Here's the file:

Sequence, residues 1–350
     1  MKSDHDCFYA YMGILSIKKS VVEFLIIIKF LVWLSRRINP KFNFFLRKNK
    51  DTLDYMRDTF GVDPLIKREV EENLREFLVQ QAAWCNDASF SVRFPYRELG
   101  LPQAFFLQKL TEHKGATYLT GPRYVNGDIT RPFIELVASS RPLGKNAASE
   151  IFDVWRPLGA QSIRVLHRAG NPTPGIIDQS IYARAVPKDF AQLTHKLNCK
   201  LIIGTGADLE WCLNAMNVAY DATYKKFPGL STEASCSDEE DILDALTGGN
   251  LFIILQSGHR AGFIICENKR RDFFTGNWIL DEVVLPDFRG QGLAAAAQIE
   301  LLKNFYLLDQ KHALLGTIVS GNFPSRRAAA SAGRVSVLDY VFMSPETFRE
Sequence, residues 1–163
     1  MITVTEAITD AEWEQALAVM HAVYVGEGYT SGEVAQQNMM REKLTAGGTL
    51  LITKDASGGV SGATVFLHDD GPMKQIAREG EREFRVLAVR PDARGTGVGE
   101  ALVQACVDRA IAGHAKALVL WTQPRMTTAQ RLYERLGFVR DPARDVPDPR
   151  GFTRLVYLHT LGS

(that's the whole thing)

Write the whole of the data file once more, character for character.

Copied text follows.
Sequence, residues 1–350
     1  MKSDHDCFYA YMGILSIKKS VVEFLIIIKF LVWLSRRINP KFNFFLRKNK
    51  DTLDYMRDTF GVDPLIKREV EENLREFLVQ QAAWCNDASF SVRFPYRELG
   101  LPQAFFLQKL TEHKGATYLT GPRYVNGDIT RPFIELVASS RPLGKNAASE
   151  IFDVWRPLGA QSIRVLHRAG NPTPGIIDQS IYARAVPKDF AQLTHKLNCK
   201  LIIGTGADLE WCLNAMNVAY DATYKKFPGL STEASCSDEE DILDALTGGN
   251  LFIILQSGHR AGFIICENKR RDFFTGNWIL DEVVLPDFRG QGLAAAAQIE
   301  LLKNFYLLDQ KHALLGTIVS GNFPSRRAAA SAGRVSVLDY VFMSPETFRE
Sequence, residues 1–163
     1  MITVTEAITD AEWEQALAVM HAVYVGEGYT SGEVAQQNMM REKLTAGGTL
    51  LITKDASGGV SGATVFLHDD GPMKQIAREG EREFRVLAVR PDARGTGVGE
   101  ALVQACVDRA IAGHAKALVL WTQPRMTTAQ RLYERLGFVR DPARDVPDPR
   151  GFTRLVYLHT LGS